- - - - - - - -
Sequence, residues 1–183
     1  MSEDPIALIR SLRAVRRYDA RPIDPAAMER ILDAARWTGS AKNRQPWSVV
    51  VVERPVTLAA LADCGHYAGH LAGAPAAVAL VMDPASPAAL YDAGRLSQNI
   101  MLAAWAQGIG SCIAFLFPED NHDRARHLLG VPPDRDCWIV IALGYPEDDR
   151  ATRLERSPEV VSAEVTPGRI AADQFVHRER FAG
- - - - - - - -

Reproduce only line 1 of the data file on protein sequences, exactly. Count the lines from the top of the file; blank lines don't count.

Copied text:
Sequence, residues 1–183